HC Deb 01 March 1854 vol 131 cc141-2

On the question that the House go into Committee of Supply.


said that, not having been afforded an opportunity of speaking in the debate of last night, he was anxious to explain some matters referred to by the hon. and learned Gentleman (Mr. T. Chambers) who introduced the question as regarded the Misses Arrowsmith. He (Mr. Lucas) first heard of that case at the time the nunnery question was before the House last Session, and saw it mentioned in one of the articles of the Morning Herald. He went to the convent where these ladies were, and without any difficulty procured a private interview with them, and conversed for half an hour as to their willingness, or otherwise, to remain in the convent. The case was not one of a couple of girls being sent to a convent to be made nuns, but to be educated and trained as teachers, by which means, their father not being wealthy, they might be able to procure a respectable subsistence. He (Mr. Lucas) explained to those ladies, with their father's permission, that they were perfectly free to leave the convent; and, he should say, he found they possessed a decision of character far beyond their years. They expressed themselves strongly as not being Roman Catholics, neither were they absolutely Protestants—they were in a state of doubt, and required evidence and information before they came to a decision. However, they frankly expressed the happiness they felt at living in the convent—they had not the least wish to leave it, and desired they might be allowed to remain. Not satisfied with that, he (Mr. Lucas) went next day to advise them to go to their father, and not return to the convent unless from a motive of conviction. When he went, he found they had left with one of the nuns, and walked through the street to their father's lodging. They, however, returned again to the convent of their own free will, and without any authority whatever being exercised over them by any party whatever.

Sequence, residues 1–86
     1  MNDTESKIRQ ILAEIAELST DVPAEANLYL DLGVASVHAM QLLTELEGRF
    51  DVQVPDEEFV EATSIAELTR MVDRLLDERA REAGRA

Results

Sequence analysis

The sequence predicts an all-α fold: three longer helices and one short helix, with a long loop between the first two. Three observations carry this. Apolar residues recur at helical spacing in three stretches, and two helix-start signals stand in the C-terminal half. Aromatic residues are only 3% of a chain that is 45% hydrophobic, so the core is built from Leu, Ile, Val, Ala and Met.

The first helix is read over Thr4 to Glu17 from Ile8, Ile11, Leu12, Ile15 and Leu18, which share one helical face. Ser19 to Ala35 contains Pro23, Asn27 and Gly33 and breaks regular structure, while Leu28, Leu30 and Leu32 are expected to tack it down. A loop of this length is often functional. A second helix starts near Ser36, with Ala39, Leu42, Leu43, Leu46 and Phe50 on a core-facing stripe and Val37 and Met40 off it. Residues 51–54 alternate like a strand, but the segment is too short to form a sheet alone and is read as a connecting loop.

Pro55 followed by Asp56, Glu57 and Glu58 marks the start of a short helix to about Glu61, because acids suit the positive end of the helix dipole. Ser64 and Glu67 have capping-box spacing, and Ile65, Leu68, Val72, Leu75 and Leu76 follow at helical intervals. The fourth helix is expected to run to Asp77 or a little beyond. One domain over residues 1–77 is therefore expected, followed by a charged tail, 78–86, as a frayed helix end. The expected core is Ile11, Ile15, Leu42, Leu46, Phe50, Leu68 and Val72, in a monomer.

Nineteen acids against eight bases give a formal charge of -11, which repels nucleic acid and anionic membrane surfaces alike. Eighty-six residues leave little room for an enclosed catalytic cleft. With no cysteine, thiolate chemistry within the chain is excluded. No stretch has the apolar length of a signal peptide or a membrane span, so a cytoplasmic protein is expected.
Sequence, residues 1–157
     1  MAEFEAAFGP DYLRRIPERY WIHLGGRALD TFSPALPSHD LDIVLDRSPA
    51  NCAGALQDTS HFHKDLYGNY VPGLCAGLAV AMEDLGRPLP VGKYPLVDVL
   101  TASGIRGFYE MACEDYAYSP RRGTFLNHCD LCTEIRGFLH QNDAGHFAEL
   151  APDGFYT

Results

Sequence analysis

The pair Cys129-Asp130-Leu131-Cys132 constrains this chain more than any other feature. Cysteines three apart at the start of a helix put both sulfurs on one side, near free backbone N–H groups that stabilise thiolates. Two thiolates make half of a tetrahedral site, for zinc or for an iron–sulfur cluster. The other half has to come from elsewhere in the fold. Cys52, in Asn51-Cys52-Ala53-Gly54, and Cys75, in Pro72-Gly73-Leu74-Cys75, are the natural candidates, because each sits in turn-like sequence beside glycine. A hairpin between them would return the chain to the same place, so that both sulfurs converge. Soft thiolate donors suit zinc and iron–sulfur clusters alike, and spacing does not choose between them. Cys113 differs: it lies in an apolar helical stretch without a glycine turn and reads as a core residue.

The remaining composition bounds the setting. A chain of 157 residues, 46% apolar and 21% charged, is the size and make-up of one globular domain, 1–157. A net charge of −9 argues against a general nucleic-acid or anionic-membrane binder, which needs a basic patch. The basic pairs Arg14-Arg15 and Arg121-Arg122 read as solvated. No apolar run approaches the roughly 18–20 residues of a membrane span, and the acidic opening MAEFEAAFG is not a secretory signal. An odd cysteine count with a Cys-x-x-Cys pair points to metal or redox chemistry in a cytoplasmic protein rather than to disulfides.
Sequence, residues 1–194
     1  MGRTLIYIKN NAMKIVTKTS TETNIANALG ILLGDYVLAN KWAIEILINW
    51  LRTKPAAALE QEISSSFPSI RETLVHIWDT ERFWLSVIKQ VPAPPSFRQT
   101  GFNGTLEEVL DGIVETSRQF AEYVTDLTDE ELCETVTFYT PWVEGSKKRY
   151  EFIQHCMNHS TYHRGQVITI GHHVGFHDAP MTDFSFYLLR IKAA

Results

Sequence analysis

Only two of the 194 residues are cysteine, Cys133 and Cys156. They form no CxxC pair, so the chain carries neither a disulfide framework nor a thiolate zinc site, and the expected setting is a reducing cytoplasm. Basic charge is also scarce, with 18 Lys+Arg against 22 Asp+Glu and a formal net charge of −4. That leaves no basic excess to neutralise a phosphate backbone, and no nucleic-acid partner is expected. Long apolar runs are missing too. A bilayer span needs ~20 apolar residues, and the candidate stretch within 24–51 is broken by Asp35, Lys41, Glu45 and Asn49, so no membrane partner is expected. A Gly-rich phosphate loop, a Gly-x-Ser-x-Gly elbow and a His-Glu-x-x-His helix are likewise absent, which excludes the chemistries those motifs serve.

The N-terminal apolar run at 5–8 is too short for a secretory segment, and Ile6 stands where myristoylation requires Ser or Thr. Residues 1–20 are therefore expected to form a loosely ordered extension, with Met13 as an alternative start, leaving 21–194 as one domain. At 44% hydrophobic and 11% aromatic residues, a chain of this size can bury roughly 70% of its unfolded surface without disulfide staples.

Motion agreed to.